Results for sorghum samples submitted are presented in Table 2. Large differences existed between results from the survey and those published in NRC. The most representative category for comparison in NRC was “Sorghum, Sudan Type – Silage” (avg = 28.8% DM); however, values listed in this category for silage may not adequately represent and may underestimate the average nutritive value of sorghum grown for silage in eastern New Mexico and West Texas. The NRC category corresponds closest to the Typical DM grouping (avg = 31.9% DM) in the survey. Components such as ADF, NDF, and CP were considerably lower in the survey; however, TDN was over 10% higher, likely due to the lower fiber composition. These differences could be due to several factors, including variation in sorghum types selected by producers (e.g., forage sorghum, sorghum sudangrass hybrids, grain sorghum), increased use of brown midrib (BMR, low lignin) sorghums, and the high variability associated with grain contribution of forage sorghum varieties grown in different regions. Calcium, P, and K were comparable between the two sources. When LSMeans were compared for sorghum in the survey, differences among DM contents were not significant for RFV (Figure 4).

Table 2. Sorghum Forage Nutritive Value as Determined by NIRS Analysis of Samples from Eastern New Mexico and West Texas Submitted to a Commercial Laboratory from 2007 to 2010

Dry Matter   DM† ADF NDF CP Ca P K TDN RFV
---------------------- % of DM ----------------------
Dry (>40%)
n = 227
Mean
Max.
Min.
SD
44.8
59.9
40.5
4.8
38.4
54.7
23.0
6.2
60.1
76.2
38.0
7.6
7.2
17.7
3.1
3.3
0.383
0.997
0.008
0.196
0.181
0.320
0.056
0.057
2.42
3.93
0.87
0.66
64.3
69.1
59.1
1.9
94
167
50
20
Typical (25–40%)
n = 1,925


NRC, 2001
Mean
Max.
Min.
SD
Mean
31.9
40.4
24.5
3.8
28.8
36.3
53.2
22.6
6.2
40.7
53.6
73.8
30.9
7.0
63.3
8.2
18.6
3.0
2.5
10.8
0.637
1.246
0.011
0.220
0.640
0.209
0.438
0.053
0.068
0.240
2.50
4.28
0.67
0.66
2.57
64.9
69.2
59.7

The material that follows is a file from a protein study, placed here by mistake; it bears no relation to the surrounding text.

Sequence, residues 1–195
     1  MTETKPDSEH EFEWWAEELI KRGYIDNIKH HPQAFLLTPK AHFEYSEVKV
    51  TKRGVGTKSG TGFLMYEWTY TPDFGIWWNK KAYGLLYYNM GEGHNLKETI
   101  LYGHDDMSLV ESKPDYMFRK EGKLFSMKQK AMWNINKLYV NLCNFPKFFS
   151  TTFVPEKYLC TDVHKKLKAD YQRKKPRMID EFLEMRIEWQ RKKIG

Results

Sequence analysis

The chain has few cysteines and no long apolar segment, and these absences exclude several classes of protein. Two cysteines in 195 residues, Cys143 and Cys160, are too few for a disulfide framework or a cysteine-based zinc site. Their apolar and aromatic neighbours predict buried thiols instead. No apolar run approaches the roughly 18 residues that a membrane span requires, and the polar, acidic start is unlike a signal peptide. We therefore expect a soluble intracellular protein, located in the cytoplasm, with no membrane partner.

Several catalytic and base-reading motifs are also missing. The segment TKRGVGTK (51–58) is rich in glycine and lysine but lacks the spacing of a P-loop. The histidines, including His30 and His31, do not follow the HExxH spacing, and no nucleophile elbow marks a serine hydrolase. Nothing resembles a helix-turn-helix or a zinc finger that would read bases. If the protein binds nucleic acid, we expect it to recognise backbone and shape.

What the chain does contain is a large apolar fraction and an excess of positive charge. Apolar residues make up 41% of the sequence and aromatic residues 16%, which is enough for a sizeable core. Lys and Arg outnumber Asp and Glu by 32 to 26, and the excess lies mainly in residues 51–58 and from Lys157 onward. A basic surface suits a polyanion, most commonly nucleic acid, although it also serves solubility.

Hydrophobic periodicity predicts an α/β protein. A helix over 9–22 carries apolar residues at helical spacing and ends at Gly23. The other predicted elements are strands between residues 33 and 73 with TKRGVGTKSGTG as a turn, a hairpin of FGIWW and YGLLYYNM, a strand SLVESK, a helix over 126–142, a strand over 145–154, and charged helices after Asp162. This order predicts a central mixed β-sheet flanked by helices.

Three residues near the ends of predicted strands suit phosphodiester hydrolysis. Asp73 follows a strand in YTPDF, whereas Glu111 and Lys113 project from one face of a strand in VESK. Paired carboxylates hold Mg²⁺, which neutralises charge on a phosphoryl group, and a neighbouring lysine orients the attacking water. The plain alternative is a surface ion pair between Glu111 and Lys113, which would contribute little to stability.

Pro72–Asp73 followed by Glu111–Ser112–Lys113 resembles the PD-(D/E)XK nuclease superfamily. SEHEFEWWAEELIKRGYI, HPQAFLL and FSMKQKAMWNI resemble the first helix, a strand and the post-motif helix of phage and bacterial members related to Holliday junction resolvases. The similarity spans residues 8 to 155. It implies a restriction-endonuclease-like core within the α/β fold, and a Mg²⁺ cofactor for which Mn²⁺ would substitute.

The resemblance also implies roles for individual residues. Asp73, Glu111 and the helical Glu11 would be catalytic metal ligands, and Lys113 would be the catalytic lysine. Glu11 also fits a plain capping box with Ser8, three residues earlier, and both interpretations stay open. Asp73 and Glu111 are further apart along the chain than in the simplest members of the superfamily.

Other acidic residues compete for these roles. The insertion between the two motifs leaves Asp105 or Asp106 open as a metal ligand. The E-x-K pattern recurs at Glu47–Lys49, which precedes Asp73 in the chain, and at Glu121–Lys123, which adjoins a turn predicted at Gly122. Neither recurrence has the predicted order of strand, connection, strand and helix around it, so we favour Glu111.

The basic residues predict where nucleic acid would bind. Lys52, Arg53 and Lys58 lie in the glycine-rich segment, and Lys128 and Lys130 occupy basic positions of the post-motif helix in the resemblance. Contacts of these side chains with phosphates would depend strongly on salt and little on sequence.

1.9
54.4
108
211
60
22
Wet (<25%)
n = 192
Mean
Max.
Min.
SD
22.5
24.4
10.1
2.6
37.5
54.7
23.8
7.3
50.4
68.1
36.0
7.0
11.0
19.2
4.4
2.4
0.723
1.276
0.274
0.190
0.247
0.459
0.113
0.079
2.65
4.73
1.08
0.70
64.6
68.8
59.3
2.3
114
179
66
25
†DM = dry matter, ADF = acid detergent fiber, NDF = neutral detergent fiber, CP = crude protein, Ca = calcium, P = phosphorus, K = potassium, TDN = total digestible nutrients, and RFV = relative feed value.
‡SD = standard deviation.

Small grain survey results are presented in Tables 3 and 4. Similar to sorghum, small grain nutritive value was higher than that of NRC (“Wheat/Triticale silage – headed or early head”), and results were closer to those values reported for pre-ensiled small grain silage crops by Marsalis et al. (2008). The survey showed lower ADF and NDF and higher CP and TDN estimates, likely due to the fact that most small grains grown for forage in the region are commonly harvested prior to heading. Survey Ca, P, and K estimates were greater than those reported for wheat, but were similar to those reported for triticale. LSMeans of the small grains indicate that RFV was similar regardless of DM content at time of submission. Due to varying harvest practices on the small grains (e.g., wilting times), greater DM content does not necessarily mean that plants were harvested at later maturity. In fact, minimum RFV (<82) and maximum ADF (>40%) and NDF (>60%) values suggest that mature samples were submitted in all DM categories. As such, NDF may be a better indicator of maturity than DM with the small grains. Hence, small grain data are also presented based on range of NDF of the samples submitted (Table 4). When indexed by NDF, survey results in the High (>60% NDF) category were closest to those reported in NRC (2011) for ADF, NDF, CP, and TDN.

Table 3. Small Grain Forage Nutritive Value as Determined by NIRS Analysis of Samples from Eastern New Mexico and West Texas Submitted to a Commercial Laboratory from 2007 to 2010 (small grains categorized by DM range)

Dry Matter   DM† ADF NDF CP Ca P K TDN RFV
---------------------- % of DM ----------------------
Dry (>40%)
n = 478
Mean
Max.
Min.
SD
44.3
63.0
40.5
4.0
28.6
41.5
18.6
5.1
54.5
69.4
43.7
4.3
15.3
29.5
6.4
4.1
0.316
1.418
0.006
0.224
0.348
0.520
0.169
0.094
3.11
4.90
1.52
0.63
67.3
70.4
63.3
1.6
114
147
81
14
Typical (25–40%)
n = 1,515


NRC, 2001 (Wheat)
NRC, 2001 (Triticale)
Mean
Max.
Min.
SD
Mean
Mean
33.7
40.4
24.5
3.8
33.3
32.0
31.5
44.2
14.1
5.0
37.6
39.6
55.2
68.9
43.2
3.9
59.9
59.7